Here’s How HMB Can Help You Recover from Hard Workouts

Here’s How HMB Can Help You Recover from Hard Workouts

In order to get big, you  have to train hard and eat well, but all of your best efforts won’t mean a thing if you don’t recover fully between workouts. While rest and solid nutrition will take you a long way toward your goals, some evidence suggests that certain supplements like HMB might help you recover faster and more completely from your workouts.

HMB, or  Î²-hydroxy β-methylbutyrate, is a metabolite of the branched-chain amino acid (BCAA) leucine, and it has been hyped for decades as a supplement that can help you get bigger and leaner. But can it really aid your between-workout recovery efforts?

Let’s see what the evidence tells us.

What IS Recovery, Anyway?

When it comes to working out and growing muscles, the topic of recovery is a complicated one.

Anyone who has ever completed a hard workout knows that you’re not the same AFTER the workout as you were BEFORE training, and there are several dramatic markers that key you in to that fact.

In particular, after a workout, your muscles will be tired, you could be light-headed, you might be hungry, and you may experience muscle tremors or shaky legs.

You’re wiped out, in other words.

In the days after training, you might experience muscle soreness, joint stiffness, general fatigue, and elevated resting heart rate and blood pressure. From a qualitative perspective, then, recovery involves “healing” from these conditions to the point that you feel normal again.

At a more microscopic level, several markers  can give you an indication of the extent of muscle damage you caused during your workout, and how far you have recovered at any point in time. Among these are blood levels of creatine kinase (a marker of muscle implementation),  urinary 3-methylhistadine (an indicator of muscular stress), and blood levels of testosterone and cortisol.

In short, your blood chemistry changes in response to training, and recovery is marked by a return to normal levels.

Does HMB Help with Recovery?

Since it first appeared in the mid 1990s, HMB has attracted a loyal following of bodybuilders who swear that taking the supplement reduces their muscle soreness and allows them totrain harder and (maybe) more frequently.

Many of these guys have also gained muscle or lost fat while using HMB.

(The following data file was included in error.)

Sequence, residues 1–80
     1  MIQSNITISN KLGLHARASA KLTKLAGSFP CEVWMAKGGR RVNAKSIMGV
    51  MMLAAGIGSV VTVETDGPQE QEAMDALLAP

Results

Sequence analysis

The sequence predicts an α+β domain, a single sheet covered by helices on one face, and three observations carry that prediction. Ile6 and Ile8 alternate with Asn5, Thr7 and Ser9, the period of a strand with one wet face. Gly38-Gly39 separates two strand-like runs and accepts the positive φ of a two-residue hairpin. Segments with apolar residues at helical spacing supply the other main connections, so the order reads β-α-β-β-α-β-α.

Beyond these stories from the gym trenches, science has shown  in study after study that HMB at least has the potential to boost muscle gains and limit protein breakdown in hard-training lifters and even non-lifters. You can only gain muscle after you have first repaired the damage from your workout, so muscle gains are at least indirect evidence that HMB can improve recovery.

In 2013, though, researchers from the University of Tampa set out  to directly examine the effects of HMB on exercise recovery. In this study, 20 men with weight-training experience received three grams per day of either HMB or a placebo, and then performed a high-volume workout consisting of squats, bench presses, and deadlifts.

Trainees underwent an interview and blood tests before training, and again 48 hours after their workout.

What the scientists found was that the HMB group experienced less of a spike in creatine kinase and reported less muscle soreness and felt more recovered two days post-training than did the placebo group. The trainees taking HMB also showed lower levels of urinary 3-methylhistadine, indicating less muscle breakdown.

No significant differences in cortisol or testosterone levels were noted between the groups.

What Does It Mean for You?

While the Tampa study consisted of a single training session and relatively few subjects, the results are still encouraging for lifters hoping to recover more quickly from their workouts. When you also consider the large number of studies that show HMB to be effective — at least for some trainees — in promoting muscle mass gains, there is a good chance the supplement does enhance at least some parts of the recovery mechanism.

Of course, HMB is a supplement, and you MUST have a solid diet and exercise program in place before any supplement will make a difference to your results. You also need to ask your doctor about the safety of HMB (or any other substance) before including it in your program. Everyone has a different health history, and you need professional advice on how supplements might impact YOUR wellness.

With these caveats in mind, though, it appears that HMB can indeed help many lifters recover from hard workouts.

For more great workout and nutrition tips checkout these New Bodybuilding Articles.

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